Observer Viewpoint | Thursday, October 27, 2005
In his letter criticizing Mark Roche’s now famous New York Times op-ed piece, Anthony Lauinger chose to quote and focus upon a passage of only 38 words. Three Notre Dame faculty members (Kommers, Hahn and McKenna) have separately taken Lauinger to task for being unfair. They do not seem inclined to defend the passage, but seem to adopt the attitude that a mere dean of a prominent college of arts and letters in a very high-profile essay should be accorded the courtesy of having at least that many ill-chosen words disregarded as inconsistent with the overall theme of his essay.
Lauinger’s critics choose not to quote any of Lauinger’s essay, except for the headline appearing above it (In my experience, including in the writing of this letter, headlines are written by newspaper editors). Thus, readers are left wondering just what words of Lauinger merit the rather harsh judgments of his critics. He “totally misunderstood” (Kommers). “Any cogent appeal that grows out of a sense of passion, conviction, insight, fairness and informed reason deserves respect and evaluation. Most unfortunately Lauinger’s effort fell short of this standard” (Hahn). “What Lauinger engages in is a quintessential example of a general and troublesome development in our country. It is a virus that has infected our civic and political discourse” (Hahn). It “must be described as a devious and inappropriate rhetorical strategy” (McKenna). It shows “to what extremes of misrepresentation the letter writer is willing to go” (McKenna). It “constitutes a tasteless effort and subverts the proper gestures of mourning” (McKenna).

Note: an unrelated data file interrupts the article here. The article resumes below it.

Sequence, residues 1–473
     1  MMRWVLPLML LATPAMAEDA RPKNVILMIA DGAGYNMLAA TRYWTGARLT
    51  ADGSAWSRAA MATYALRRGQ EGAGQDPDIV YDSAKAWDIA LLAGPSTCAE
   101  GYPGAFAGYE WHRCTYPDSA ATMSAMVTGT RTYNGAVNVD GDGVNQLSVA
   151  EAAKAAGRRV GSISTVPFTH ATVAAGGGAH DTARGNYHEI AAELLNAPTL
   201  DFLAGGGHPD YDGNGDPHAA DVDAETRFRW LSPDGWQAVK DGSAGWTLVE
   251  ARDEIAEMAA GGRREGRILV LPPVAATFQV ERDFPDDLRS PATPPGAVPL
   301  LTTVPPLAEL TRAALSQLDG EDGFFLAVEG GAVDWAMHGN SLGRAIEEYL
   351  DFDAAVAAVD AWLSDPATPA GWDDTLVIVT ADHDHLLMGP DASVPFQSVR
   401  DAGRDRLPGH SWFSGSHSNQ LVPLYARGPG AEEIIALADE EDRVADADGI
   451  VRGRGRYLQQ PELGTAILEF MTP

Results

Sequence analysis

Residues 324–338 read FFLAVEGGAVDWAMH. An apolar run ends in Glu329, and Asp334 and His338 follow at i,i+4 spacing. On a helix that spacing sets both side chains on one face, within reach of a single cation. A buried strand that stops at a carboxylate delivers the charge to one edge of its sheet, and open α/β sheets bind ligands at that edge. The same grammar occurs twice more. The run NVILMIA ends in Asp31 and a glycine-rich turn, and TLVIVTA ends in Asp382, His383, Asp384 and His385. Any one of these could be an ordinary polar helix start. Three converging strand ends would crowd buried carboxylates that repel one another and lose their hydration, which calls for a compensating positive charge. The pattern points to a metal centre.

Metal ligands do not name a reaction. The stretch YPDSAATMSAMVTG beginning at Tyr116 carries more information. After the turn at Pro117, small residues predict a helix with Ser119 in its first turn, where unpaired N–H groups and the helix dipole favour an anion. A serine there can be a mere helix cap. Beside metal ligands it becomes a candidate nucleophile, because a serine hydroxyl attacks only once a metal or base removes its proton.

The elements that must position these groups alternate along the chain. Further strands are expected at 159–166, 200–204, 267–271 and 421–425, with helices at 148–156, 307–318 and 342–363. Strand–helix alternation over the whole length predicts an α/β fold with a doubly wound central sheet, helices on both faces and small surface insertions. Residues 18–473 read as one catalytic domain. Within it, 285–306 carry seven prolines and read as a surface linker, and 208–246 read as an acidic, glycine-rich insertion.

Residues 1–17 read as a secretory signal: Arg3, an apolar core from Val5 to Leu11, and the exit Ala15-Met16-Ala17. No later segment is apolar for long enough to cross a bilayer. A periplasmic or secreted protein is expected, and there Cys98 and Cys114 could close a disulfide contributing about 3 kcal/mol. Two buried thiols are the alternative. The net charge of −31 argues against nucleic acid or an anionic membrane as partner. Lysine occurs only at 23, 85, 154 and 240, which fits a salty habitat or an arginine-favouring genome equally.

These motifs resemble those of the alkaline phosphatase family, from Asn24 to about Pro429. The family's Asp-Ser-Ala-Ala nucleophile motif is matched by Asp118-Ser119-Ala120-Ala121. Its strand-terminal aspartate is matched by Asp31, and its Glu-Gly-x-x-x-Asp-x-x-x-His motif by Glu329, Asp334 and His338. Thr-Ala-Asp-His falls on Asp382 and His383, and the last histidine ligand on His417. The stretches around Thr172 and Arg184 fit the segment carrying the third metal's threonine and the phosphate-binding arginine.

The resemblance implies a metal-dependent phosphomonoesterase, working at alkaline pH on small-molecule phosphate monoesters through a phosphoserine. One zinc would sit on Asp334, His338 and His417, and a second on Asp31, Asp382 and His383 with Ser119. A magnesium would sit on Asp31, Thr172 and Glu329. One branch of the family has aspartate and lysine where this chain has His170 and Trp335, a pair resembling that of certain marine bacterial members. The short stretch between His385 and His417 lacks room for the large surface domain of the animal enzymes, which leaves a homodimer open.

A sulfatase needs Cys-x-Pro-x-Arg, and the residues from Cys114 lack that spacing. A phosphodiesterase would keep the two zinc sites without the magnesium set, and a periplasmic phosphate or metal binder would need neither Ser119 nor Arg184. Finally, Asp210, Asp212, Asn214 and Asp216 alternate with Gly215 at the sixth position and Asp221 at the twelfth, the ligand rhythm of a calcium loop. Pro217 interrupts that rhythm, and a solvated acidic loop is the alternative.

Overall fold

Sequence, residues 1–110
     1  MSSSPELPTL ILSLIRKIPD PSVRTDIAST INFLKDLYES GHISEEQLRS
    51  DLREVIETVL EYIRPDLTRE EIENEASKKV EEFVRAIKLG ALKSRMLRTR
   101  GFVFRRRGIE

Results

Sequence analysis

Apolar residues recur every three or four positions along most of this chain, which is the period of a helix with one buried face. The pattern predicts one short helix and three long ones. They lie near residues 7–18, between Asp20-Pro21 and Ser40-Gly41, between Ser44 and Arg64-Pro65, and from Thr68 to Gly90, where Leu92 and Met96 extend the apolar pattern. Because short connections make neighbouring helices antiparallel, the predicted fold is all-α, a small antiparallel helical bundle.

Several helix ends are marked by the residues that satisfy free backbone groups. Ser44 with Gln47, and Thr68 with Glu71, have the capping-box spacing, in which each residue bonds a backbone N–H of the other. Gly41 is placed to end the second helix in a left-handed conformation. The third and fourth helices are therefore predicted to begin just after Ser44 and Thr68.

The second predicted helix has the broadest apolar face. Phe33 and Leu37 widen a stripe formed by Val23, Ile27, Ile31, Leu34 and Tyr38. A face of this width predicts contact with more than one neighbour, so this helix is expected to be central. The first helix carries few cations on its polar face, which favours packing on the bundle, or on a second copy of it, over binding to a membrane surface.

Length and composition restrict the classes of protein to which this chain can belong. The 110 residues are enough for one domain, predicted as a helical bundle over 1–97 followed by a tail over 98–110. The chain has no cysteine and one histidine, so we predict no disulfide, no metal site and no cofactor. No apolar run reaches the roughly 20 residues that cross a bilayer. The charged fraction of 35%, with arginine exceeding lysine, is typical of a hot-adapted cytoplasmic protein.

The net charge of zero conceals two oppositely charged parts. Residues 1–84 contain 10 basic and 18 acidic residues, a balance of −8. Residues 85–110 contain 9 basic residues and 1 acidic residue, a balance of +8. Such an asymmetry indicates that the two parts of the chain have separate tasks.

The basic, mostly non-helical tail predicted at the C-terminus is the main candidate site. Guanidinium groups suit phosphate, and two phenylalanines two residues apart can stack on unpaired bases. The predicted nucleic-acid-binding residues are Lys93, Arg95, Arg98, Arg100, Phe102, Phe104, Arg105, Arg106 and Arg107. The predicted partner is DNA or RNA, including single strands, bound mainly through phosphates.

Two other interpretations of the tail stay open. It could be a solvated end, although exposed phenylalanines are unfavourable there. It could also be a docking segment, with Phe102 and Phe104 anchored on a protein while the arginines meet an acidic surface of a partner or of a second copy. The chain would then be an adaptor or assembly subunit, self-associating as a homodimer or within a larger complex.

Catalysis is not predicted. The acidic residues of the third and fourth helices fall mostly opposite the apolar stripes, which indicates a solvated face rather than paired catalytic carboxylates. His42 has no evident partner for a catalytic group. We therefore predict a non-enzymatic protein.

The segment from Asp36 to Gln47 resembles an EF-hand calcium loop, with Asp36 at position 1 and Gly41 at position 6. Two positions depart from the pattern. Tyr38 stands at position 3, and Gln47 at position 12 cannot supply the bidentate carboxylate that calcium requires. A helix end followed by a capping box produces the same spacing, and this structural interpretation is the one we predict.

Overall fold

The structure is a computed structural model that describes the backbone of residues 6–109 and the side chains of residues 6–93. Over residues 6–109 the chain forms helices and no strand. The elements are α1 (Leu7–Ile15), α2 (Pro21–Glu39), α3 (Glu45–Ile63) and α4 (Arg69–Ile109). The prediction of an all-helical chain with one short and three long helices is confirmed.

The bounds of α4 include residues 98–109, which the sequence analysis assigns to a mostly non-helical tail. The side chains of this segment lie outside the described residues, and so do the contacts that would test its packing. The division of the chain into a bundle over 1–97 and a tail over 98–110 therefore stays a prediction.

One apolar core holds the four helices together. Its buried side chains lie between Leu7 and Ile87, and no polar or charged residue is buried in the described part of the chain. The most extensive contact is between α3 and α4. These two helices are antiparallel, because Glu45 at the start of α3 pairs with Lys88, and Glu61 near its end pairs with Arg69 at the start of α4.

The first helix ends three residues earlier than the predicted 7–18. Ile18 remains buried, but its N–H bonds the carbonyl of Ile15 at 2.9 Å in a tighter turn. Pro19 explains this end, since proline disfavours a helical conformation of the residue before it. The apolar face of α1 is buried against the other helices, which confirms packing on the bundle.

Does it not occur to Kommers, Hahn and McKenna that, just as they think that Lauinger was being unfair to Roche, other readers, with arguably more justification, might think that they are being unfair to Lauinger?
James Rakowskiassociate professorEconomics and Policy StudiesOct. 26